SUMS 2022

Math and Puzzles

Saturday, March 19th

Welcome to SUMS 2022: Math and Puzzles

SUMS 2022: Math and Puzzles is the 20th anniversary of our conference!


Full Event Brochure


Herbert Kociemba (Darmstadt, Germany), Daniel Katz (Brown),

Tanya Khovanova (MIT), and Pete Winkler (Dartmouth).

SUMS 2022 will be facilitated through Zoom and in person, Zoom links will be sent to registrants close to the time of the conference.

All times are in Eastern Time (ET). Email any questions to sums [@] brown [dot] edu.

Looking forward to seeing you at SUMS!

Morning Plenary Talks

Rubik’s Cube in 20 Moves or Less

Herbert Kociemba, Darmstadt, Germany

9am - 10am


Rubik's cube is a puzzle which gained its greatest popularity in 1980/1981. But even today it is quite popular and there exists a growing community of speedcubers who want solve a Rubik's cube as fast as possible. From the beginning there was another group of people - mostly mathematicians - who tried to develop methods how to solve a cube in as few moves as possible. The term "God's number" was coined for the smallest number of moves which will suffice to solve every Rubik's cube. But it took 30 years until 2010 to settle that this number is 20. In this lecture the development of the ideas which finally led to this proof will be discussed.

Solvable Squares: Minimally Clued Latin Square Puzzles

Daniel Katz, Brown University

10am - 11am


Over the last few decades, a wide variety of abstract logic puzzles have become popular around the world, with some (such as sudoku, futoshiki, and KenKen) appearing in mainstream Western publications, and others entertaining a more niche audience of constructors, solvers, and international competitors. Many of these puzzles, including the three just mentioned, present the task of completing a Latin square (an NxN grid of numbers from 1 to N with no repeats in any row or column) given a set of clues. While a puzzle constructor chooses these clues as a trail of bread crumbs to lead solvers to a solution, a mathematician can study the possible sets of clues that create valid puzzles. A puzzle with very few clues is not always interesting to solve, but the existence of these puzzles may be mathematically interesting.

In this talk, I'll briefly summarize the path that led me to a life of puzzling, and then introduce a collection of Latin square puzzle types, each with some preliminary discoveries and open questions about how they can be "minimally" clued. If time allows, I may provide a very short introduction to puzzle construction, to contrast the cluing decisions made when aiming for efficiency with the ones made in pursuit of an enjoyable solving experience.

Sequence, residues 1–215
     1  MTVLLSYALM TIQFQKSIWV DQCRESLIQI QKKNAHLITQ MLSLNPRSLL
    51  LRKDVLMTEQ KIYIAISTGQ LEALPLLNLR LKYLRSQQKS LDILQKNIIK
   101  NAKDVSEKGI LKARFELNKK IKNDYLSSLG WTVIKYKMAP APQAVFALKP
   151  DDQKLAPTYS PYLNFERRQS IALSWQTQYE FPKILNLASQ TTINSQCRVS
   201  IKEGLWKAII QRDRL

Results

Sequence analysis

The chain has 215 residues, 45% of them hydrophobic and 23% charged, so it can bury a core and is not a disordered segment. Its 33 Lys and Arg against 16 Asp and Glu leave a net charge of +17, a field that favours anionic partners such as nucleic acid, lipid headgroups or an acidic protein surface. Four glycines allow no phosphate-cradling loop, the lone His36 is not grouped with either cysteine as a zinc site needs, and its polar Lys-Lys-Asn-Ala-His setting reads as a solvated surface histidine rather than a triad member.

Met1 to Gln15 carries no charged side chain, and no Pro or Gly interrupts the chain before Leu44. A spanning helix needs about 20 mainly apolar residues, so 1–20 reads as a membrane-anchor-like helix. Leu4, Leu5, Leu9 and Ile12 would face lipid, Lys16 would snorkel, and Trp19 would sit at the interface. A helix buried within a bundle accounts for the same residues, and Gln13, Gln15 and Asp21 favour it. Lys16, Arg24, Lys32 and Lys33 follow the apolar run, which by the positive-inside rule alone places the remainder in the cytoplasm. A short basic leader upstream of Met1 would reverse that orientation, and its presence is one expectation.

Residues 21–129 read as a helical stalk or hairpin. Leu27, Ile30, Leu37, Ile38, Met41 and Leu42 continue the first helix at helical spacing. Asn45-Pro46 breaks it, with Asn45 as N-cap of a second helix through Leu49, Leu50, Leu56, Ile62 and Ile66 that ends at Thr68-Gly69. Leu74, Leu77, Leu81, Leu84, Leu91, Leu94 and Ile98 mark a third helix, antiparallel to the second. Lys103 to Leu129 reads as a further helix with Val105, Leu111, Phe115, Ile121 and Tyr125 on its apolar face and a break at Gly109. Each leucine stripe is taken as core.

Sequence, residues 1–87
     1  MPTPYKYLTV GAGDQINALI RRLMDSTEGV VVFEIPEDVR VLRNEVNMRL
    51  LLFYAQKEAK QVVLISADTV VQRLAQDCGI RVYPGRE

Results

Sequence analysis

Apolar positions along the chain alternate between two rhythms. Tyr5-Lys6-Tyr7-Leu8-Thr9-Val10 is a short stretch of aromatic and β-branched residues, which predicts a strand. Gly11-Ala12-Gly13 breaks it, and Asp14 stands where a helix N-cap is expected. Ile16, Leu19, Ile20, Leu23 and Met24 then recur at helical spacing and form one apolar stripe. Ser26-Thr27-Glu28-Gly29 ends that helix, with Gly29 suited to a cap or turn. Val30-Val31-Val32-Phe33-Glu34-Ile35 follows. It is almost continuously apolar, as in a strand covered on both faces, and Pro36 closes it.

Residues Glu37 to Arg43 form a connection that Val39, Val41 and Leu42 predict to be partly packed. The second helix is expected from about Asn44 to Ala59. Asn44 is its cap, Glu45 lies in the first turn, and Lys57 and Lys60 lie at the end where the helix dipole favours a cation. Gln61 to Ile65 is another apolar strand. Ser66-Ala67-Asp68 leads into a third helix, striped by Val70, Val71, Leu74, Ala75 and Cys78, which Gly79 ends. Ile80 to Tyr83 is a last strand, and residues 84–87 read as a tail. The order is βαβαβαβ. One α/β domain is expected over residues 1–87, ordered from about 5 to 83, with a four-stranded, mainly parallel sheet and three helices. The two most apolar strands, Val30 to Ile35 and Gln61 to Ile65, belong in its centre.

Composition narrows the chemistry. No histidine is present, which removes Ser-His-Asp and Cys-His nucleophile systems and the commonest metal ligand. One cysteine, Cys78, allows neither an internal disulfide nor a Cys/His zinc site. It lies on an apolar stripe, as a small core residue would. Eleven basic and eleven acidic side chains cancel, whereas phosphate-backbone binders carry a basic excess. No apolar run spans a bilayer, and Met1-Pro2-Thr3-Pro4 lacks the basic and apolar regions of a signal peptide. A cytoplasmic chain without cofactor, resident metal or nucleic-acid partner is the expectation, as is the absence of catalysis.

Afternoon Plenary Talks

Math & Puzzle Hunts

Tanya Khovanova, Massachusetts Institute of Technology

3:30pm - 4:30pm


We are going to interactively solve a bunch of mathematically interesting puzzles. These puzzles come from the puzzle-hunt tradition, as exemplified by the venerable MIT Mystery Hunt. The critical thing about puzzle-hunt puzzles is the lack of instructions: the solver needs to figure out what to do from the content of the puzzle itself.

We will start with a relatively easy warm-up puzzle and then continue with one or two hard ones. To keep it fun and fast-paced, I will rely on you to generate the ideas, and I will take care of any tedious work that arises.

Algorithmic Puzzles

Pete Winkler, Dartmouth College

4:30pm - 5:30pm


Many great puzzles present an algorithm for doing some task, then ask you whether that algorithm could work---and if it could, then, perhaps, whether it must work.

Since real-life problems in computational mathematics often take the same form, it is not surprising that techniques for solving such puzzles are nice to know about. Many of the best of these techniques involve potential functions, and the puzzles you will see are designed to help you appreciate the amazing things they can do.

Student Talk and Abstracts

[No links] Student Talks.pdf